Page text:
So here is an update as to how far I have gotten in 4 hours of knitting:

I will say I plan on the pattern repeating once more to make the bag longer. After felting it, I will be finger loop braiding the draw string out of red Egyptian cotton as well as making the tassels out of it. I plan to line the inside of the bag with silk, as well. Hopefully it goes over well. I'm thinking of what kind of trinket or three I can throw inside, even if it is some hand mixed home grown spices or something.

There are so many things I learned doing this project and so very many things that this was a first for me.

This was my very first color work in knitting. All in all, I think it came out pretty well (this is pre-felting):

This was my first time doing finger loop braiding. I had to teach myself using diagrams and reading instructions and a lot of trial and error since the videos were not working well for me. I used, of all things, and made the simple purse string from it. Go to the links section for a link to the proper technique I used.

This was also my first time ever making tassels. You would think, how could this be your first time? Tassels are simple things! Yes, well, they are. And I've made yarn dolls, so I knew what to do, but this was my first time ever doing it. And when attaching the tassels to the bottom corners, I used a huge needle and drew it through the wool and silk alike to the inside of the bag but no knot would keep it in. So my ingenious idea was to take a small metal bead and tie that with the cord thread and now it stays with no problem:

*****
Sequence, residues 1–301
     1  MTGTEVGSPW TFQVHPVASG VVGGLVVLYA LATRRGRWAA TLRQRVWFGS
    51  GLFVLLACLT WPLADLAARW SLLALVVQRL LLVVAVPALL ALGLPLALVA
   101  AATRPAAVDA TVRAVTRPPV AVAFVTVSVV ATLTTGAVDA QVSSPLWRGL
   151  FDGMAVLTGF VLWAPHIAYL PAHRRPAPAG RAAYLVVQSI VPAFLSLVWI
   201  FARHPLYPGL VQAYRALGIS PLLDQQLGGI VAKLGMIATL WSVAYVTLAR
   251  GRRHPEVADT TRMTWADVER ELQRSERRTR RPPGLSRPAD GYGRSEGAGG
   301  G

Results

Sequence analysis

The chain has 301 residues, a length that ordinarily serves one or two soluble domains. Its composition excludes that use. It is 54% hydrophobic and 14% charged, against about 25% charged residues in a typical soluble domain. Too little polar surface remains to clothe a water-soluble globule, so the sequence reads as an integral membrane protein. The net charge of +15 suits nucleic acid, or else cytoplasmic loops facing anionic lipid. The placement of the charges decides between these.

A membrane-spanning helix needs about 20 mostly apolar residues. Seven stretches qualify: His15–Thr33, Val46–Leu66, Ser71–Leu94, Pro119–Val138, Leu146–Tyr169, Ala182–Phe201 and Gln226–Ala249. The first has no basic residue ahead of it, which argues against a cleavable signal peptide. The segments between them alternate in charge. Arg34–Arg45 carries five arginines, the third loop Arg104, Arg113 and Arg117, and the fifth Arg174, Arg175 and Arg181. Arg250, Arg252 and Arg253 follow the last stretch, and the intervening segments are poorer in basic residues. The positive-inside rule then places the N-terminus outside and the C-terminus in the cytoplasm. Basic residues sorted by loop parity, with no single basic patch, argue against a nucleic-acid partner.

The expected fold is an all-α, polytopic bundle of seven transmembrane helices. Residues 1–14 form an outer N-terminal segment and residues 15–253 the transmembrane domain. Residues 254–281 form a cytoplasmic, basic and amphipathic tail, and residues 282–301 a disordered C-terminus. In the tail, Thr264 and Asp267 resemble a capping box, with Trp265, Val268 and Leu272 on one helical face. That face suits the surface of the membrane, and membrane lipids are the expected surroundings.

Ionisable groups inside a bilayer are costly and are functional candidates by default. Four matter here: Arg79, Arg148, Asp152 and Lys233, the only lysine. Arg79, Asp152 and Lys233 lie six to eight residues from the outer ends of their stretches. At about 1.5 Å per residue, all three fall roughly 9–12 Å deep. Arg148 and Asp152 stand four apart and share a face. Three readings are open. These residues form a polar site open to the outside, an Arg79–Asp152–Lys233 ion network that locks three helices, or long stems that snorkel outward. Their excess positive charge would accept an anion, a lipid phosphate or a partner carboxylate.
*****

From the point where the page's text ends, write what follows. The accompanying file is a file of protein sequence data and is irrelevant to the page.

So, in the end, the bag ended up being: a merino blend (hand spun) for the yarn knitted in sunflower and sapphire blue. A crimson egyptian cotton (purchased) that was then finger loop braided for the drawstring and also wound for the tassels. Two clay beads for decoration (purchased). And last, but certainly not least, a silk lining for the inside. Here are a few pictures of the final project:

For a little more technical information:

The yarn was spun to about 25-30wpi.
I knitted using a pair of circular size 2 needles.
Felting shrank the bag by about 15%.

Thursday, January 5, 2012

Dancing Bears

At one point, as I sat searching for something very specific, I came across a snippet of a story that, no matter how hard I looked, didn't have any further information. What I cam across was the first documented moment of folk dance and music in medieval Russia which dated back to 907. Now, the reason there isn't much here is because most things found in the beginning sections of the Chronicles are more or less just anecdotes from the earlier periods. The Chronicles were originally a history of Russia from 850 to 1110 that was complied in 1113, but many additions were added through the years.

In either case, this small snippet told the tale of Grand Russian Prince Oleg who, at a large celebration in honor of his victory over the Greeks at Constantinople, was presented a group of dancers. There were 16 male dancers dressed as bears and 4 bears dressed as male dancers. When the dance, and the feast, were over, Oleg commanded the bears to be released and the dancers executed.

That is about all the snippet says, though further research shows that Oleg was thought to be partially blind and perhaps took the dancers to be from a tribe in the North who owed him 100 tiger skins in tribute. Now, the thing that I find to be interesting and what originally caught my eye and made me say 'there is a story in here somewhere' is that the story doesn't well describe whether he wanted the dancers executed, or the bears dressed up as dancers executed.

One of the other interesting things the Chronicles tell about Oleg is that he was known as The Seer. He had a prophetic vision of his death which did, in fact, come to pass. But that is another story.